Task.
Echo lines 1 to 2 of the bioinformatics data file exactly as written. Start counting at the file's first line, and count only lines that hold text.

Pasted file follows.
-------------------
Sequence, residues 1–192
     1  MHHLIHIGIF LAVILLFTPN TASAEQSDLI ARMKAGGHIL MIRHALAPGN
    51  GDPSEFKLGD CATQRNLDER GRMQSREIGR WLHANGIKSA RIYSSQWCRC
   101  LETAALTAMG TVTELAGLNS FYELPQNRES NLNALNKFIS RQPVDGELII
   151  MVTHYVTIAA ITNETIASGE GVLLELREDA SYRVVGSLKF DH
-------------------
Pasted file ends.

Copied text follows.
Sequence, residues 1–192
     1  MHHLIHIGIF LAVILLFTPN TASAEQSDLI ARMKAGGHIL MIRHALAPGN